America's Oldest Brewery Wants Low-Key Expansion - POTTSVILLE

POTTSVILLE, Pa. (AP) -- Anheuser-Busch visited Pottsville. Miller did too. They climbed D.G. Yuengling and Sons' mountainside brewery,...

POTTSVILLE, Pa. (AP) -- Anheuser-Busch visited Pottsville. Miller did too.
They climbed D.G. Yuengling and Sons' mountainside brewery, America's oldest. They tasted the old porters, the newfangled lagers and the popular black and tans. And then they offered to buy the whole place.


Fifth-generation owner Dick Yuengling politely declined.

Expansion lies ahead for the 167-year-old regional beer company. But, Yuengling vows, he'll do it in the family, just as his forebears did through a civil war, Prohibition and the advent of national beer-makers.

"Somebody kept this place alive for 167 years, and I respect that," he said. "We haven't been in the business this long to sell out to anybody."

Considering the antiquated facilities and steep roads, Yuengling thought a big buyer would have no choice but to take the recipes, dump the brewery and leave behind gritty Pottsville, 74 miles northwest of Philadelphia.

And that he couldn't stomach, especially during the company's most successful decade.

Sales have tripled since 1990 even as the company slashed its distribution area. It expects to sell almost 400,000 barrels this year, plus an additional 50,000 barrels of black and tan brewed at the nearby Stroh's.

The production translates into 145.8 million 12-ounce beers and $25 million in annual sales.

Yuengling can thank the craft brewers for introducing more drinkers to bitters and ales, dark stouts and porters. In 1991, 248 micro brews and brew pubs made just 850,000 barrels. Four years later, more than 1,000 craft brewers produced 3.8 million barrels.

To expand, Yuengling needs to surmount a large problem: The old brewery can't produce more beer.

That's why Yuengling approached Bud and Miller about brewing, bottling and distributing his six brands. That's why he contracted with Stroh's and may try to do more. And that's why he has considered building a new plant outside Pottsville.

"Our biggest problem here is that we're landlocked," said Yuengling, eyeing the hillside buildings tucked between a neighborhood and downtown Pottsville.

Even if he found outside land, he's not sure adding a new plant is the best way to cash in on a phenomenon that could quickly disappear.

"We need another brewery now," he said. "We can't wait two years. The boom is here now."

However he decides to expand, Yuengling has plenty of models to follow.

Pete's Wicked Co. sells in nearly every state by contracting with other breweries. Boston Beer Co. produces its Samuel Adams brands with equipment it doesn't own. San Francisco's Anchor Steam Brewing Co. and Sierra Nevada Brewing Co. of Chico, Calif., took the other route by expanding their own facilities to meet nationwide demand.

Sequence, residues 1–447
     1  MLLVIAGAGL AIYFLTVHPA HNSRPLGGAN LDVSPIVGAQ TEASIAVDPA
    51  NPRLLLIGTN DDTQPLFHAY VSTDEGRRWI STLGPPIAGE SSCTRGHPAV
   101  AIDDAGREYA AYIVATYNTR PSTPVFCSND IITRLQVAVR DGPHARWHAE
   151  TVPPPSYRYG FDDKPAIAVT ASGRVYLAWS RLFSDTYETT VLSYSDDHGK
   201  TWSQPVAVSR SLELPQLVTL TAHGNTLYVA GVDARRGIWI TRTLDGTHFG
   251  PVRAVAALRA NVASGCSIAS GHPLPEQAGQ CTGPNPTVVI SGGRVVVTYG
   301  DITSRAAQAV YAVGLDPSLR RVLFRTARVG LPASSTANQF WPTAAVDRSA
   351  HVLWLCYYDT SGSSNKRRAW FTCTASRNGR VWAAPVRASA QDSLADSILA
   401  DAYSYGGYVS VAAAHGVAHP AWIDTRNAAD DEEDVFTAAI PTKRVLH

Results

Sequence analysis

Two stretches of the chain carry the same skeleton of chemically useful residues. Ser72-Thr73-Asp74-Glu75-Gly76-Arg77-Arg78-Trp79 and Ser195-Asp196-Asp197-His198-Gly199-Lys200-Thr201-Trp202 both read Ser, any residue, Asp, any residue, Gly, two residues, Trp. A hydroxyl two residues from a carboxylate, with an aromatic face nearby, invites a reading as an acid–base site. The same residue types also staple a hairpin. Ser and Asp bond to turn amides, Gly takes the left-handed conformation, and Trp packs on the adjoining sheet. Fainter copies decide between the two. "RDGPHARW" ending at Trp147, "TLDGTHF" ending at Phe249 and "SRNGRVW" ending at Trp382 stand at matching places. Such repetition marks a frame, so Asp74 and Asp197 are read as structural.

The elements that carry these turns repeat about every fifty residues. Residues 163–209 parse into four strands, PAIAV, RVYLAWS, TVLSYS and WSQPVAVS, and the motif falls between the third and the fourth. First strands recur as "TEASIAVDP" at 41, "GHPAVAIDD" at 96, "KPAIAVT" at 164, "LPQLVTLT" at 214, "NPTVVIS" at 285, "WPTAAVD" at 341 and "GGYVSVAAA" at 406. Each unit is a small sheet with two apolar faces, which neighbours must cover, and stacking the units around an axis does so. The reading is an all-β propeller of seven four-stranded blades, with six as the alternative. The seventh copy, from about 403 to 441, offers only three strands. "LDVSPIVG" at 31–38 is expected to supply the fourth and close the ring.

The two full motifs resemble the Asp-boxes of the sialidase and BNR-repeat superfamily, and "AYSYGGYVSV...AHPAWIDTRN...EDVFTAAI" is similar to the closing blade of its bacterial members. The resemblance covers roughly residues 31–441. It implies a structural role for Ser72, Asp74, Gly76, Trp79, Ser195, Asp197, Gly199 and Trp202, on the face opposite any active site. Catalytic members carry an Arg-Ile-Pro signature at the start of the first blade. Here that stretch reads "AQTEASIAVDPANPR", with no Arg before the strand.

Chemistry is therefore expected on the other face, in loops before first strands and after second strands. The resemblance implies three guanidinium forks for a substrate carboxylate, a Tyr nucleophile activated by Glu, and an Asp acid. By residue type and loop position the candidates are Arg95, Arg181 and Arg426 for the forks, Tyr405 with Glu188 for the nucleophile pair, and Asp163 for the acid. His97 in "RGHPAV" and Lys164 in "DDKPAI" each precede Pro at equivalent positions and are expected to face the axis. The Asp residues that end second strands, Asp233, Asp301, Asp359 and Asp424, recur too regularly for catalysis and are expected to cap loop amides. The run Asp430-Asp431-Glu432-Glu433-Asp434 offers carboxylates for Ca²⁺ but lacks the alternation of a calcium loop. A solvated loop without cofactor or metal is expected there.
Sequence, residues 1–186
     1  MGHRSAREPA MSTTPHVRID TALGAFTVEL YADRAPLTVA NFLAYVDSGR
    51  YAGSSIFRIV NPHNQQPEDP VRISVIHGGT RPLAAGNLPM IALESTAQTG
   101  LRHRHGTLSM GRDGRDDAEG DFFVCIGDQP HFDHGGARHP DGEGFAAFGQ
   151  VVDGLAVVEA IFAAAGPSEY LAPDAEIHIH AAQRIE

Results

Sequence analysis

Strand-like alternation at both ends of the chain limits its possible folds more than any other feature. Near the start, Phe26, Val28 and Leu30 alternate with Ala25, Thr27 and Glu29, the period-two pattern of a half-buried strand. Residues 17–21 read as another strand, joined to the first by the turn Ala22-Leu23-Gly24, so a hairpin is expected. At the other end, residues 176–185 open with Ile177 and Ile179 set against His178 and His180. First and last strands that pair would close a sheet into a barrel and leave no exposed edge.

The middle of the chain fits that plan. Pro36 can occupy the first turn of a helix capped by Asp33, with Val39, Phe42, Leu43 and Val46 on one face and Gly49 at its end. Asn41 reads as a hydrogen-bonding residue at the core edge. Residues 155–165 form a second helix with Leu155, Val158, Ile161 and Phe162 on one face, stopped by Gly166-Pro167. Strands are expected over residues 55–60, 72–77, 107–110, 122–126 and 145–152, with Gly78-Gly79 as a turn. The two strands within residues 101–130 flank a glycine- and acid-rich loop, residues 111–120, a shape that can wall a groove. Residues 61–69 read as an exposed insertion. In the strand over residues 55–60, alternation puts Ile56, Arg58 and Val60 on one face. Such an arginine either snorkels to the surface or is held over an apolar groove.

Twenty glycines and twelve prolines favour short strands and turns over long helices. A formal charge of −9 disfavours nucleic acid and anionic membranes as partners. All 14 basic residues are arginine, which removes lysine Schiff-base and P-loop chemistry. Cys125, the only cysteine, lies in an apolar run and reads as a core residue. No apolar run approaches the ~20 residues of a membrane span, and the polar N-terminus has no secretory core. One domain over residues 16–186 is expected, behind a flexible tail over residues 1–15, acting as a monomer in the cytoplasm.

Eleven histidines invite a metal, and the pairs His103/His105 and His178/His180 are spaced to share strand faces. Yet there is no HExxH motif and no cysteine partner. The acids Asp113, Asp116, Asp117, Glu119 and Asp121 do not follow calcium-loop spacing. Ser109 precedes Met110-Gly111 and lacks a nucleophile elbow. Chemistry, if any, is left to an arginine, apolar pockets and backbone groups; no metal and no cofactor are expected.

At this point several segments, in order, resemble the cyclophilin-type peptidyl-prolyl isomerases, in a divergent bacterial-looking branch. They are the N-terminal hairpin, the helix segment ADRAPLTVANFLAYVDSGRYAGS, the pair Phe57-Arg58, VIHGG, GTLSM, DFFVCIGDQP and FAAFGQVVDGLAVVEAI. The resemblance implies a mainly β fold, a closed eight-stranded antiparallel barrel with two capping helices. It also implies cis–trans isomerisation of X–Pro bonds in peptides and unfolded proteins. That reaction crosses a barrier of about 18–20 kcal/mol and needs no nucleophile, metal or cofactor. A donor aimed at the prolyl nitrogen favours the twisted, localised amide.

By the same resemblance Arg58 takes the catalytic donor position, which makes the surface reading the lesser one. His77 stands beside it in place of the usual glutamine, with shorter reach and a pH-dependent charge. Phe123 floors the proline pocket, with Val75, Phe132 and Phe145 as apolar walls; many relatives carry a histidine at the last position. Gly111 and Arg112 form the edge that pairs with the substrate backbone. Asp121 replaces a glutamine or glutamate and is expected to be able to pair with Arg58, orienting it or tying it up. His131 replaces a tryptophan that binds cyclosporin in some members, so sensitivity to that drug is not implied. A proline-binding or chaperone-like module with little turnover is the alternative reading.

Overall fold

"There's a risk whenever you add a brewery," said Jerry Steinman, publisher of Beer Marketer's Insights. But contracting has its own downsides, including a loss of control and inconsistent batches of beer.

Even if the brewery expands, Yuengling faces another problem: earning a national stature and finding good wholesalers to push the beer.

Yuengling worries his beer would be just another regional brew entering beer cases crowded with new inventions from the big brewers and countless micro brews sporting trendy names such as Abita Turbo Dog and Rhino Chasers.

"There's not a lot of folklore about Yuengling in California," said Jeff Becker, spokesman for The Beer Institute. "But that's not to say there was a lot of folklore about Sam Adams in California before they came."

Yuengling also has one example not to follow: his own.

When he bought the company from his father in 1985, Yuengling faced stagnant sales in the traditional markets -- eastern Pennsylvania, New Jersey and Delaware. He began shipping beer north to battle the micro breweries of Boston and south into North Carolina's college towns.

Then the tiny brewer started running dry at home.

Local distributors couldn't get enough. With one brew house and storage for just 130,000 barrels annually, Yuengling couldn't even send employees home with a few bottles on hot summer days.

In 1990, the brewery reduced its distribution area.

"We had spigots in New York City," Yuengling said. "To pull out of that -- people thought we were nuts. We just didn't want to lose our home markets."

The pullback, Yuengling hopes, was temporary.

"I have all the confidence in the world that our beers would be accepted," he said. "But whatever we do, we want to do it right. We want to do it properly. We want to do it long term."

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